I drifted, feeling the contractions faintly, allowing anybody to do anything they wanted to me. I had imagined my birth to be a haze of waterpools, scented candles, incense and soothing music. Instead I had a blood pressure band on my arm, and it inflated itself every few minutes. There was a monitor on a belt round me, constantly. I was lying on my back on a bed, and, to my surprise, I didn't want to be doing anything else. I resigned myself to staying here indefinitely, in a strange, constricted half-world.

It was light again when the woman did yet another internal and asked, in English, whether I wanted to push. I didn't, but I gave it a go, anyway. She went to fetch someone else, and I felt that pushing might be good, so I did it again. They came back and made encouraging noises, so I did it for a third time, and this time I felt it. Then I was possessed by it. My body could do nothing else but push. Suddenly, I was about to break in two. Then something slipped out of me, and it whimpered.

 

The midwife was holding up a baby, showing it to me. It was tiny, and red, and it had a full head of black hair.

I caught my breath. This was the thing that had been growing and kicking for all that time. It was a person, someone who hadn't existed in the world moments ago. I stared at it.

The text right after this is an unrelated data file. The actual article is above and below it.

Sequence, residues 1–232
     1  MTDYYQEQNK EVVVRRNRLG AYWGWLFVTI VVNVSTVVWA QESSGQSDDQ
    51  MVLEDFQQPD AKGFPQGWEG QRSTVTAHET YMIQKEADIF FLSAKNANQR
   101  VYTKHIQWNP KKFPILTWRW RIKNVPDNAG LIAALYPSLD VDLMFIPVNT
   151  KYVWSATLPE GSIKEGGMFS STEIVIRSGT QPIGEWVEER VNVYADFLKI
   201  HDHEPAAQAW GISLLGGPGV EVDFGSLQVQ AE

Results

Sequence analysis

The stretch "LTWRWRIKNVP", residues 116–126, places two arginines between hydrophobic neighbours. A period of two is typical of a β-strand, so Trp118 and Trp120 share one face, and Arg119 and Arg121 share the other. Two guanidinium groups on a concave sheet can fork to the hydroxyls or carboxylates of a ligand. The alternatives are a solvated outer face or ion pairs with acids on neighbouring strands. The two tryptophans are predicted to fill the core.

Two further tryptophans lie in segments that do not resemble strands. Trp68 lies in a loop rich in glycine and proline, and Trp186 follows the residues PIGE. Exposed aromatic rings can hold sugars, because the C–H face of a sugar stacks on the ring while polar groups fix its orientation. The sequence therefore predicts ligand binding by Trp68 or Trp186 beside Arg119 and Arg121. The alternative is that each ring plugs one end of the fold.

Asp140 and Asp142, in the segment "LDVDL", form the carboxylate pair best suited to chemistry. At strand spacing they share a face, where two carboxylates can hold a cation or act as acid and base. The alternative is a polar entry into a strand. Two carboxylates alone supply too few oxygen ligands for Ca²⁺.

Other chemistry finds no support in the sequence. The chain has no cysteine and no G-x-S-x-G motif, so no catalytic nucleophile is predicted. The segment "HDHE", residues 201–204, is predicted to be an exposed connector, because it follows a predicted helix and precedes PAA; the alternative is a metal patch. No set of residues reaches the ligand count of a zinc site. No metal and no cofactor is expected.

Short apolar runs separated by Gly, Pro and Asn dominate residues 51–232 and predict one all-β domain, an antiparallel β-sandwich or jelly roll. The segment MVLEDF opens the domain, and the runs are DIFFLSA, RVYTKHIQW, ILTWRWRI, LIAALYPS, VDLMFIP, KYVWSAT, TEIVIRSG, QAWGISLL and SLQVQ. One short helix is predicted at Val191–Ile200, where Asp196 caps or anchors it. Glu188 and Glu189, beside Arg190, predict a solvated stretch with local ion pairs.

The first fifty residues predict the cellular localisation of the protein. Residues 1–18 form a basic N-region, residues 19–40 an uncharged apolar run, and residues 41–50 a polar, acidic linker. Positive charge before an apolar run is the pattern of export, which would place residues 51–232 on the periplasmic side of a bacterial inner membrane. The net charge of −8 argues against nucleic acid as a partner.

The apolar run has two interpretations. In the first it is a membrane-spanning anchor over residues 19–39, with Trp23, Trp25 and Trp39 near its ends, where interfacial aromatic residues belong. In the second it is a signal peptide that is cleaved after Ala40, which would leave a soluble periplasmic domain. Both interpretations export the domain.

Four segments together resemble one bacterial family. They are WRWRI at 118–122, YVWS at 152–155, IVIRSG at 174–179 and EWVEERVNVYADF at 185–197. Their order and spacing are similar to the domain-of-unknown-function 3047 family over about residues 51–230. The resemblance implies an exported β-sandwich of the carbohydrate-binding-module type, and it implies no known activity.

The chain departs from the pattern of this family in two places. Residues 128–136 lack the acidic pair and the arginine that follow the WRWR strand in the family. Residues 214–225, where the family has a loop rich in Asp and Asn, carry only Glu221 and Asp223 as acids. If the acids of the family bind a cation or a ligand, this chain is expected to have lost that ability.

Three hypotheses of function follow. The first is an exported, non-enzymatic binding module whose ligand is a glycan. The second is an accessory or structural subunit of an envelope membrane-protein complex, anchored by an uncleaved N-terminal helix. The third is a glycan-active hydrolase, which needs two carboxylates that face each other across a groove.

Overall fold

'It's a girl,' I said. I realised I was sobbing, but I stretched my arms out for my daughter. I cradled her close to me. She looked at me. When our eyes met, I saw that I knew her already.

'Oh,' I said to her. 'It's you.'

She just gazed back, searching and serious. Her innocence made me howl.

'Mummy's here,' I whispered, through my tears. I didn't want anyone to hear. 'Mummy's here,' I told my daughter. 'Mummy's here.'

They took her away to check her. I could see that they were concerned, because she was tiny, and premature. A female doctor with ginger hair checked her over. The doctor kept looking over at me and smiling.

She wrapped the baby up and handed her to me.

'She is good,' she said, in English. 'You feed her?' She pointed to her own breast, and I nodded.

I held her. The baby looked at me, and I knew that she knew it was me. She stopped crying when I took her. After a few attempts, she was suddenly sucking enthusiastically.

I was sitting up in bed, feeding my baby. I looked at the clock. It was eight o'clock, but I didn't even know which eight it was.

'Matin?'
I asked, pointing at the clock.